Having outlined what Governments can do to help meet the legal challenges of the future, it is important to emphasise that we cannot rely solely on the Government to meet these challenges. The entire legal fraternity must be involved as well. Lawyers are the key players in the legal system. Their professionalism and competence have a direct impact on the effective functioning of the legal system. With rapid development of new business models and business methods, new legal issues surface for timely resolution before they fester into social problems. Businessmen need lawyers to advise them and support their business activities. Lawyers will need to be able to follow where their clients go and meet their needs. If clients want to do "business at the speed of thought" (as Bill Gates put it), lawyers must not be far behind too.

The lack of adequate legal service support can impede the growth and development of new business methods and businesses. The lack of lawyers with adequate skills and knowledge to work the justice system can impede the efficiency and effectiveness of the justice system. It is therefore important for lawyers to constantly upgrade their legal competence and constantly update their knowledge of developing areas of law.

Recognising this, the Singapore government has consciously put in place measures to ensure that Singapore has the relevant legal competencies to support business activities in important growth sectors. We have opened up our legal sector to allow Singapore law firms to enter into joint ventures and formal alliances with foreign law firms, in order to upgrade our legal capabilities in banking, finance and corporate matters. Another initiative was the setting up of an IT law think-tank by the Singapore Academy of Law to promote learning and new thinking in this fast changing area of law. The think-tank will be able to provide useful input to the Government in addressing many of the critical legal challenges posed by information technology and electronic commerce. The work of the think-tank will also help promote the awareness and proficiency of the Singapore law profession in information technology and e-commerce laws, in order to help build the legal competencies to support Singapore's drive to be an Info-Communications Hub. The Ministry of Law will continue to pay close attention to the need to ensure an adequate level of legal expertise to support the growth of the Infocomms sector and put in place further initiatives as required.

Professional organisations representing lawyers at the national level can help their lawyers cope with international competition and other new challenges, by providing retraining and skills upgrading for their lawyers and by scouring out efficiency tools to be exploited by their lawyers. Professional organisations can also harness the combined knowledge and experience of their lawyers to assist Governments in their efforts to keep the legal framework relevant and updated. In this regard, it is worthwhile to mention two forward-looking initiatives from the Law Society of Singapore. The Law Society is currently looking into implementing a system of compulsory continuing education for lawyers to ensure that they continually update their knowledge and upgrade their skills. They have also given their support to a new legal portal called, which aims to increase the efficiency of the smaller law firms in Singapore by performing certain back-office functions on their behalf.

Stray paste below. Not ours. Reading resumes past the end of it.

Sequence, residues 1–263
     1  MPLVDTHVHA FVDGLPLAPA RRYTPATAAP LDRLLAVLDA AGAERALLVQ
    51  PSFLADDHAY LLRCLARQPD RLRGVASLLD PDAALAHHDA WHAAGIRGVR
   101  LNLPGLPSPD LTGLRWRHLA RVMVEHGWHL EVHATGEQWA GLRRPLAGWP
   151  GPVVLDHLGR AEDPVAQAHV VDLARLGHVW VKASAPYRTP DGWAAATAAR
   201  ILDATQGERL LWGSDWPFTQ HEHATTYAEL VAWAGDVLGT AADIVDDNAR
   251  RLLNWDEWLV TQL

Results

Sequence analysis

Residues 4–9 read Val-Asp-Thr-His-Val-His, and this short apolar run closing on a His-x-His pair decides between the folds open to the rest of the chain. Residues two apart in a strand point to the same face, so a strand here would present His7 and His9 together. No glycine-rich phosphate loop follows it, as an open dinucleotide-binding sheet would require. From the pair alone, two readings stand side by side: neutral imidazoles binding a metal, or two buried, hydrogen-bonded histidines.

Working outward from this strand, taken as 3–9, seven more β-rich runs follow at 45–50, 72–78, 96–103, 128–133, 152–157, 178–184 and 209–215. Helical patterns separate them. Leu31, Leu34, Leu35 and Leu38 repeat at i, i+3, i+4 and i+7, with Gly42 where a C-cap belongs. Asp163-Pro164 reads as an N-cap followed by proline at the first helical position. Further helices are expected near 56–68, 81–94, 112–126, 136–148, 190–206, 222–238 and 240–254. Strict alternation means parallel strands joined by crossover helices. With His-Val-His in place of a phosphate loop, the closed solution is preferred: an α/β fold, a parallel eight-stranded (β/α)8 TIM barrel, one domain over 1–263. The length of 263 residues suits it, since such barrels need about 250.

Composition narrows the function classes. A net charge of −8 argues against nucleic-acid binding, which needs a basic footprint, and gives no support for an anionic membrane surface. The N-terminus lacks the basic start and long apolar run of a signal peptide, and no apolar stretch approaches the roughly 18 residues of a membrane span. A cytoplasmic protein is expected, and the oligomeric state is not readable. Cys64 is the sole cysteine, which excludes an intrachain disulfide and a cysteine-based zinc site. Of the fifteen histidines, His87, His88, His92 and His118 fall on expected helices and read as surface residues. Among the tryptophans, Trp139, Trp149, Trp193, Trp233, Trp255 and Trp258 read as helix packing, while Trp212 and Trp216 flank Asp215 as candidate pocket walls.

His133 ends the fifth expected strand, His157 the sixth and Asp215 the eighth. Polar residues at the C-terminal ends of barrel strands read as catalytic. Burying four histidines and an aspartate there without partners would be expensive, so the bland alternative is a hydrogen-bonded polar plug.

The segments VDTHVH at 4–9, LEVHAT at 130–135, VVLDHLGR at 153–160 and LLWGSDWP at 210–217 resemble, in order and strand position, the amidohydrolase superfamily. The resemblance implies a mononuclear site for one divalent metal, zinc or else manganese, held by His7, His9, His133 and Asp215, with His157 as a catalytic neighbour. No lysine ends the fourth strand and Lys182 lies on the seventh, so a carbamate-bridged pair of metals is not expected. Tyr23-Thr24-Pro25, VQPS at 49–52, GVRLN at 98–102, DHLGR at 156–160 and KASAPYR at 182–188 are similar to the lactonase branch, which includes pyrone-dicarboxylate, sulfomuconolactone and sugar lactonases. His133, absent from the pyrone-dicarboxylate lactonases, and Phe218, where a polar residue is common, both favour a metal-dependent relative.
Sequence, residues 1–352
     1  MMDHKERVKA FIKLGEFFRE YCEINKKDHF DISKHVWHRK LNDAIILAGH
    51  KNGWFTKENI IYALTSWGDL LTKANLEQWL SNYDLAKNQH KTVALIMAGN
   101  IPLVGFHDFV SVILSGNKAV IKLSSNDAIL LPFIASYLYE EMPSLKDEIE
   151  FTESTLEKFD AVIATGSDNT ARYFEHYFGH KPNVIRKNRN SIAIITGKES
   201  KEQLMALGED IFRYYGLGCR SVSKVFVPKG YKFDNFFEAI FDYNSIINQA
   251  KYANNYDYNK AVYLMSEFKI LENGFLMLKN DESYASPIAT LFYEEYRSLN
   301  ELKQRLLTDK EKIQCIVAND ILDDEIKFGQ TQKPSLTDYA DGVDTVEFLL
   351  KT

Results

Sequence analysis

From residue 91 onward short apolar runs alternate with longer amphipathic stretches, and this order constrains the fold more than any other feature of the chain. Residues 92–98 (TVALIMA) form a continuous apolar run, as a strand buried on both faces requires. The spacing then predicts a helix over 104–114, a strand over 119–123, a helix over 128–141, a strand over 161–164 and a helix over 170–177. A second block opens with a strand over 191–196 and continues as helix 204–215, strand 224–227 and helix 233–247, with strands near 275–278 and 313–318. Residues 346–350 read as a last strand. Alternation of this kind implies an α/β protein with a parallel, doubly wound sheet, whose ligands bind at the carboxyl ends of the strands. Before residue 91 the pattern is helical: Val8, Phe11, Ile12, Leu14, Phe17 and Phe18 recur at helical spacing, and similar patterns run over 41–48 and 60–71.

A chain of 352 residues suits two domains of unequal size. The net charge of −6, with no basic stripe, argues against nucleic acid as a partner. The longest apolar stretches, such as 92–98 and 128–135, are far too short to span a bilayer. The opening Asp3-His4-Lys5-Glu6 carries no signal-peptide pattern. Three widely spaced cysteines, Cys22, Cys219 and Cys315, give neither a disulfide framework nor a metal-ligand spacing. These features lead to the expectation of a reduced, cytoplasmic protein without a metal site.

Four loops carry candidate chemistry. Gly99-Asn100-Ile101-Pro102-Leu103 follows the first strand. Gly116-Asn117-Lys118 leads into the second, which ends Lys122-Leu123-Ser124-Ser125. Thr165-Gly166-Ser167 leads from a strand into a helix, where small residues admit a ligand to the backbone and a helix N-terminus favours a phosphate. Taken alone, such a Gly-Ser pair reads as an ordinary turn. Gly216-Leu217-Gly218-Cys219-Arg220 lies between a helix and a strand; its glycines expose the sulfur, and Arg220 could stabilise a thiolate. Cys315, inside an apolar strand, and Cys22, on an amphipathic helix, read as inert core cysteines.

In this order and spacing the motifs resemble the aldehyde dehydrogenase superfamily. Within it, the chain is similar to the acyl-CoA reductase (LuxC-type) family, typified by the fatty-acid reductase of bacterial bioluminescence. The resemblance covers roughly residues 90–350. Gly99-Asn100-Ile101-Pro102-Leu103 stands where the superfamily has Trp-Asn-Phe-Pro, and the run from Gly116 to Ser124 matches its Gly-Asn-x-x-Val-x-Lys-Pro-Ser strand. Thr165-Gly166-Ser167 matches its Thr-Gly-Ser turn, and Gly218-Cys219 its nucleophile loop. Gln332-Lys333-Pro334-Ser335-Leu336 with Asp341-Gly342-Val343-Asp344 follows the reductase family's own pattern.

Regional organisations such as LAWASIA can, on the international level, expand and complement the efforts of national organisations. Organisations like LAWASIA can harness the resources and experiences of many countries, but you can also facilitate inter-regional understanding, cooperation and harmonisation. The role of regional organisations will take on greater significance with the trends of globalisation and internationalisation I have outlined.


We live in exciting times, with immense possibilities before us. These are also challenging times; there are risks as well as opportunities depending on whether we seize the moment and make the correct policy choices. Lawyers, whether as individuals, practitioners or as organised professional groups nationally or internationally, have a role to play in this process. I wish you all fruitful deliberations at this Conference as you ponder upon the challenges ahead of us.

On that note, I am pleased to declare open the 4th LAWASIA Business Law Conference.